When Colin Meloy, front man of literary-minded rock band, The Decemberists, arrives at Satellite Ballroom on Saturday, April 12, his bandmates won’t be with him, but he’ll still have a small entourage: songwriter Laura Gibson (who will open the show), artist Carson Ellis (Meloy’s girlfriend) and their 2-year-old son, Henry “Hank” Meloy. The break from his band, which has grown in popularity and spectacle since forming in 2001, gives Meloy a chance to scale things back a little bit. “It is kind of an opportunity to discover what initially got me into playing music,” he says. “It is a way for me to get back to that sort of sense of quietude.” And, we imagine, it also frees up some time to hang with li’l Hank.
Come sail away: The Decemberists’ Colin Meloy will lead you on an adventure of narrative melodies and choice cover songs at Satellite Ballroom on April 12.
|Listen to "We Both Go Down Together" from Colin Meloy Sings Live!:
The bespectacled musical bard sounded a little groggy when we talked to him on the phone, but maybe that’s because, in addition to fatherhood, he’s been busy polishing up a couple of new releases: a tour-only EP of Sam Cooke covers and a live album (aptly titled Colin Meloy Sings Live!) of tunes recorded during Meloy’s last U.S. solo jaunt.
“I imagine I’ll be playing a couple of the Sam Cooke songs,” Meloy tells us when we ask what melodies he’ll have up his sleeve for this tour. “Maybe some of the new stuff that we’ve been playing around with. But I’m sure it will largely be from the Decemberists’ oeuvre.”
What we’re listening to
“Spring Again,” by Biz Markie (from The Biz Never Sleeps)—A breezy song to carry you into the season of windows-down car rides, falling in love and all that jazz.
“Cherry Coloured Funk,” by Cocteau Twins (from Heaven or Las Vegas)—Elizabeth Fraser’s voice flirts with nirvana and soars across a blood-red horizon with the lightness of a feather.
“Dig a Pony,” by The Beatles (from Let it Be)
“Investigative Reports,” by GZA (from Liquid Swords)
“Do the Strand,” by Roxy Music (from For Your Pleasure; heard on the WTJU Rock marathon!)
We’ve enjoyed Meloy’s two previous tour EPs, which feature covers of maudlin charmer Morrissey and English folk singer Shirley Collins, but that’s not the only way that he’s expressed his musical influences. In 2004, he penned a book about The Replacements’ Let It Be, an album that he discovered as a teenager. “I think it was incredibly instrumental in my formative years, in understanding what music is and what it can be,” he says. “I think a big thing I took from The Replacements is to not necessarily take what you do so seriously, to always have your tongue kind of firmly planted in your cheek. That’s hopefully been a part of what I do.”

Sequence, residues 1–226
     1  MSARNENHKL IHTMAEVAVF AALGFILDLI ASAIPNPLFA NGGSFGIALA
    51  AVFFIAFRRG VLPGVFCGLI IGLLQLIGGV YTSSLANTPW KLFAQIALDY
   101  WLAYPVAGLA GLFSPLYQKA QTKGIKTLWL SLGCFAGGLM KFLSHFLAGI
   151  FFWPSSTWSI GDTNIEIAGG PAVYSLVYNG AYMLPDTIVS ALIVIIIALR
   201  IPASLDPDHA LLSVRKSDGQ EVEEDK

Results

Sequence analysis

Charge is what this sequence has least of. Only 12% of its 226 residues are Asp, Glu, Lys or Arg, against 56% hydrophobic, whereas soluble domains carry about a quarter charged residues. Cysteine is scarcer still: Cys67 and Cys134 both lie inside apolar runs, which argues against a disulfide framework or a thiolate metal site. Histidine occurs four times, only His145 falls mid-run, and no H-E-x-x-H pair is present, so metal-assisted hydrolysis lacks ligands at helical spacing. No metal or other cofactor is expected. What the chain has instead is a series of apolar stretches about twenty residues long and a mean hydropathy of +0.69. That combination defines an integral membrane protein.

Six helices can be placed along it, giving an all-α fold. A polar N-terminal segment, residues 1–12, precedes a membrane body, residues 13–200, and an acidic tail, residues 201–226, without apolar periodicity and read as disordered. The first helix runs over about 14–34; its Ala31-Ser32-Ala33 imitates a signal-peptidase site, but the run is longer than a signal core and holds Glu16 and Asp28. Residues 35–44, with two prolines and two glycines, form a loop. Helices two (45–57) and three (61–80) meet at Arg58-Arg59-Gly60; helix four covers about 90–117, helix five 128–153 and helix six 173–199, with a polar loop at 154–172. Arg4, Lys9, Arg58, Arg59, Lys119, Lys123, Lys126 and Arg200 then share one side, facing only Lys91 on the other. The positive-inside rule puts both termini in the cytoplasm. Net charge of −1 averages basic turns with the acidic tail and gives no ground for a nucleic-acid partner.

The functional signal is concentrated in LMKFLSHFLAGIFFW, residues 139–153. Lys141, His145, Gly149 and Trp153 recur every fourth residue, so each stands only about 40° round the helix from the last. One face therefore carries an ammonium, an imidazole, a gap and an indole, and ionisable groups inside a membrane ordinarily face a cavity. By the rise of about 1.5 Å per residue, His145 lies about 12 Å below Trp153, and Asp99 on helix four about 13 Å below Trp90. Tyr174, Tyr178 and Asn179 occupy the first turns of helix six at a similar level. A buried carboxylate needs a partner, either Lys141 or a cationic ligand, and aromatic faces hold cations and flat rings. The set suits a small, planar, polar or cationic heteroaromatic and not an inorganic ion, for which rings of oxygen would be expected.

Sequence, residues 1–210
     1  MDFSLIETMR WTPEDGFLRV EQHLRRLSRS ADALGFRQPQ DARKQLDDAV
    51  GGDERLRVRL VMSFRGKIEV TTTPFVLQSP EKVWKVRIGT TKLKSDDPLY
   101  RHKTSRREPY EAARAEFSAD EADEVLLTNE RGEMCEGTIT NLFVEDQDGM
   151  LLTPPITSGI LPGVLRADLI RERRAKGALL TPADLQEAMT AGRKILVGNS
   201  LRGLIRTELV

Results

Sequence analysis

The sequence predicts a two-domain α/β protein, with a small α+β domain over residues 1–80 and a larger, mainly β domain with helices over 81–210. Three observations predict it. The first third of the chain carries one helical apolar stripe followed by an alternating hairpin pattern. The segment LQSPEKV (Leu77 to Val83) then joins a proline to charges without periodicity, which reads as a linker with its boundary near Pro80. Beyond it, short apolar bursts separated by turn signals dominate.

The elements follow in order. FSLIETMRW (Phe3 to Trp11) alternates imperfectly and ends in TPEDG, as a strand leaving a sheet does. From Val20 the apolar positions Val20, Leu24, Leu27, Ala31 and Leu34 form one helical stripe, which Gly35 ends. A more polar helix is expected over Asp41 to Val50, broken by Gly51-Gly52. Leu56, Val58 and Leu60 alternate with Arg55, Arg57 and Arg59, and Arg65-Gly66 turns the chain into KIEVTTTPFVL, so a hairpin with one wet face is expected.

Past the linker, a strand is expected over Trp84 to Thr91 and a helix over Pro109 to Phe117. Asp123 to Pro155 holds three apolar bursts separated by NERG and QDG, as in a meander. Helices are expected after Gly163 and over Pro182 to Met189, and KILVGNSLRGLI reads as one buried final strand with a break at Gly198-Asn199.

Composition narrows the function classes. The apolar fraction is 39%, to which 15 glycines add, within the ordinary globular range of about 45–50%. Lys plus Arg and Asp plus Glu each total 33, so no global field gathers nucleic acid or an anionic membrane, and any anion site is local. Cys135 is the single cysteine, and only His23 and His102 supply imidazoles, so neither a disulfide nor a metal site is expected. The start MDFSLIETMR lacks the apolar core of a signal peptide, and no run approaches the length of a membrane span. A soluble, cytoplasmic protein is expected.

What’s piquing Meloy’s interest these days? “Hopefully I’ll eventually be able to collect the entire discography, on vinyl, of Anne Briggs, but so far I’ve only got a 45 [rpm],” he says. “The rest have so far eluded my eBay grasp. But I’ll keep working at it.” Anne who? Briggs, we learned, is a fairly obscure but influential musician and singer from the ’60s and ’70s who recorded three albums before vanishing from the English folk music scene.
The Decemberists recently signed up with Charlottesville-based Red Light Management, and Meloy says his experience with Coran Capshaw’s team has been great so far. “They’re kind of a juggernaut, which has been a nice thing,” he says. “They are a one-stop shop and they are very powerful, and in this day and age, when the onus is definitely on the artist and the management company, it’s been nice to have such a powerful company going to bat for you.”
Meloy tells us that The Decemberists have blocked off two months this summer to record the follow-up to 2006’s The Crane Wife, and we’re excited to hear the results. For now, though, we’re eager to catch Meloy on his own. To finish up our chat, we tossed Meloy a question lifted from a typical job interview: Where do you see yourself in 10 years? “I hope to be living in some stormy seaport town in a rambly old Victorian,” he answers. “And I hope to have some chickens.” Colin, you’re hired!
Out of Orbit
The local music scene lost another venue when Orbit Billiards abruptly shut its doors last week. John Adamson and Andrew Watson, who are behind Mellow Mushroom, have purchased the space and hope to reopen it with a different concept in a couple months. It seems that the close was unexpected, though, as promoter Jeyon Falsini had a few shows booked at Orbit in April and May. Adamson tells C-VILLE that, while the new joint won’t satisfy your craving for a game of pool, it’ll still host live music. “It was a good place to put acts that I felt were more college oriented,” Falsini told us. We look forward to the changes by the new owners, and we can’t wait until sweet sounds once again emanate from the corner of 14th Street and University Avenue. [For more on this, see Restaurantarama]
News or comments? Send them to firstname.lastname@example.org.